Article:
Financial planning has long struggled with the criticism that it serves only a limited subset of the relatively affluent, and has failed to develop business models that deliver financial planning to the wide swath of “average” Americans with more limited income and resources. Yet at the same time, the reality is that our education as financial planners does not really effectively prepare us for the kinds of “financial counseling” knowledge and skills required to serve those with less income and fewer assets. Which raises the question: is that simply because financial planning hasn’t grown far enough, or is the reality that the financial planning body of knowledge is separate and distinct from the kind of “counseling” knowledge needed to help people through the basics of navigating our financial system, from credit cards to credit reports to checking accounts to the use of public agencies? Or perhaps stated more broadly, is financial planning for the mass affluent and wealthy a different discipline than financial counseling for those of more limited means?
The inspiration for today’s blog post comes from the Financial Planning Association’s (FPA) recent announcement that it will be working on joint initiatives with the Association for Financial Counseling and Planning Education (AFCPE) to, amongst other things, “support and develop the complementary disciplines and professional specialties of financial counseling and financial planning” and “provide specially designed options to FPA members who wish to obtain the Accredited Financial Counselor (AFC) and Certified Housing Counselor (CHC) certifications…”
When the announcement came out, my inbox received a flurry of emails asking whether this means the FPA is further diminishing its focus on the CFP certification as the fundamental standard for financial planning. As one person put it to me, “in a world where consumers are so confused by a dizzying number of designations, why is the FPA endorsing several more of them? Is the FPA losing its focus? What happened to ‘One Designation, One Profession’?” And apparently, those questions were directed to the FPA as well, forcing FPA CEO Marv Tuttle to issue a follow-up email to members reinforcing that FPA still believes the CFP mark is the standard of excellence for personal financial planning, and that the goal is to help CFP professionals “expand their education and learn from other allied disciplines.”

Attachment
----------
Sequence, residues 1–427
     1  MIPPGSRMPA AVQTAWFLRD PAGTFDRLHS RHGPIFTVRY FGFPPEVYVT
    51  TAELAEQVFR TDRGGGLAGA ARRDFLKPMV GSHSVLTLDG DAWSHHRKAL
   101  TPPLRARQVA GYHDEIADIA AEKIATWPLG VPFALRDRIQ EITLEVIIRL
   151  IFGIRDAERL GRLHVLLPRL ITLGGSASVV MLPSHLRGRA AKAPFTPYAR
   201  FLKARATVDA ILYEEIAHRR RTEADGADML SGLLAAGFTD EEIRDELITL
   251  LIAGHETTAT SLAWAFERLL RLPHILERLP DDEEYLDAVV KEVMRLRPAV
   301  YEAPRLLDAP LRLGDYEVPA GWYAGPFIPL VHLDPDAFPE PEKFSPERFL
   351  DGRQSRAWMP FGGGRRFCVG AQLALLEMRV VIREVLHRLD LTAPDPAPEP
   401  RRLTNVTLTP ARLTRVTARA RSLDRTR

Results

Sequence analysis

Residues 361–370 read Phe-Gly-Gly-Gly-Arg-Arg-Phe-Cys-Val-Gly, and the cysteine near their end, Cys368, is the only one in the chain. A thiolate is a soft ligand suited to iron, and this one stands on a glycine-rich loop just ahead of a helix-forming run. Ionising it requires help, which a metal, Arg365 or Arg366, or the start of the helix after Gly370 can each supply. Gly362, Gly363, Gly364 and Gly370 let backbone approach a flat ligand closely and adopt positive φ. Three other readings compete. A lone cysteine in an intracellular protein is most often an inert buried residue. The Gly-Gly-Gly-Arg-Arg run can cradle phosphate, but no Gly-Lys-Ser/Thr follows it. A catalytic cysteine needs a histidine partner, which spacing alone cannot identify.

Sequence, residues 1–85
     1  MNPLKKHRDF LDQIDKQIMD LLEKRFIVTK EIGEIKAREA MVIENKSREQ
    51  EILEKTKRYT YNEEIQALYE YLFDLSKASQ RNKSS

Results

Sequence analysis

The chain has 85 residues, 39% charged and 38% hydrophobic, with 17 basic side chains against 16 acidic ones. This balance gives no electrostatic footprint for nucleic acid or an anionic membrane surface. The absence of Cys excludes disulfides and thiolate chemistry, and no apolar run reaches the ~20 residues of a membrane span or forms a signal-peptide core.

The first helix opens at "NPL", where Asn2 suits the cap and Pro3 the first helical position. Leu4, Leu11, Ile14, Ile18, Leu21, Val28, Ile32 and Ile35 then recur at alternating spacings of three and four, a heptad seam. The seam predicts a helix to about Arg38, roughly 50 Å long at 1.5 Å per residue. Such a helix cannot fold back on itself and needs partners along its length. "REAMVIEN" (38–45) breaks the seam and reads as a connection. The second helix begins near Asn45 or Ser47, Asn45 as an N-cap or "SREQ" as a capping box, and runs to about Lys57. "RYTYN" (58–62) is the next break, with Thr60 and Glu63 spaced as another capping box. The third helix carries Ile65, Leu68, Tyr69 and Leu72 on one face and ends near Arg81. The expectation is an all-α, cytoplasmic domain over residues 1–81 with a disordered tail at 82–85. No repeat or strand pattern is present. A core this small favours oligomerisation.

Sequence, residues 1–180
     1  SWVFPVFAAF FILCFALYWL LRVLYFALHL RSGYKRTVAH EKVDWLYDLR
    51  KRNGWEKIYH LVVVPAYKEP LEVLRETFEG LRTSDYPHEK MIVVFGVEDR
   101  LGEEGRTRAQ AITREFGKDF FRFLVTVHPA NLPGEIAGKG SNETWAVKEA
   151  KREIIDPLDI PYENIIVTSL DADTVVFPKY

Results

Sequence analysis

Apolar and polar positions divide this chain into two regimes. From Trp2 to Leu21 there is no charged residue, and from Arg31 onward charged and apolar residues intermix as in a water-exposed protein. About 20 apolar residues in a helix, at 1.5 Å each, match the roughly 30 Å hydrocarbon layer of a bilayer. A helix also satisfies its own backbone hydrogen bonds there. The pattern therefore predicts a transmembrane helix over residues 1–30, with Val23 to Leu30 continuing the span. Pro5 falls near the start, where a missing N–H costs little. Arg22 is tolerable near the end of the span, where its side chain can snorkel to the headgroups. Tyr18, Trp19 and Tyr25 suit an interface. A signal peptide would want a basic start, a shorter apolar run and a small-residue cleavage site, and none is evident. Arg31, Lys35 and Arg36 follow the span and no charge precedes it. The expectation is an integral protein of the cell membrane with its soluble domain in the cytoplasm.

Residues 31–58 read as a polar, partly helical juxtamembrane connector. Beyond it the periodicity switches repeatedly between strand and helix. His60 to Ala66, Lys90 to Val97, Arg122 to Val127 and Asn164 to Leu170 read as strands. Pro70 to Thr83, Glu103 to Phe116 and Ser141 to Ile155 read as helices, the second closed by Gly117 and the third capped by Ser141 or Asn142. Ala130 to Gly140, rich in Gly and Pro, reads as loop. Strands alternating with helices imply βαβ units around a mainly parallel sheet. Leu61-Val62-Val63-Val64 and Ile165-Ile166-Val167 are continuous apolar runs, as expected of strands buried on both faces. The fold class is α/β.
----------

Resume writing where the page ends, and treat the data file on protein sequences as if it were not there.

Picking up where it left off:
This last sentence to me is the real crux of the issue. Are the AFCPE’s financial counselors engaged in an “allied discipline” of financial planning? It would seem that many financial planners believe that what AFCPE’s financial counselors doing is financial planning… which in turn raises these issues about whether FPA is encouraging alternative financial planning designations or losing its focus.
Yet as I’ve written previously, I think if we take a realistic look at the financial planning body of knowledge, there is a wide swath of Americans to whom financial planning as it currently exists doesn’t really apply, simply because their income is so low and their assets are so few that our planning strategies are irrelevant. What’s the point of “income tax planning” for the 50% of Americans who don’t pay any income taxes? How do you make effective recommendations to buy life insurance, or save for retirement, or establish a 529 college savings plan, for the 64% of Americans who don’t even have the financial resources to handle a $1,000 unexpected expense? In essence, is there a minimum below which financial planning is not relevant, where the AFCPE’s financial counseling is?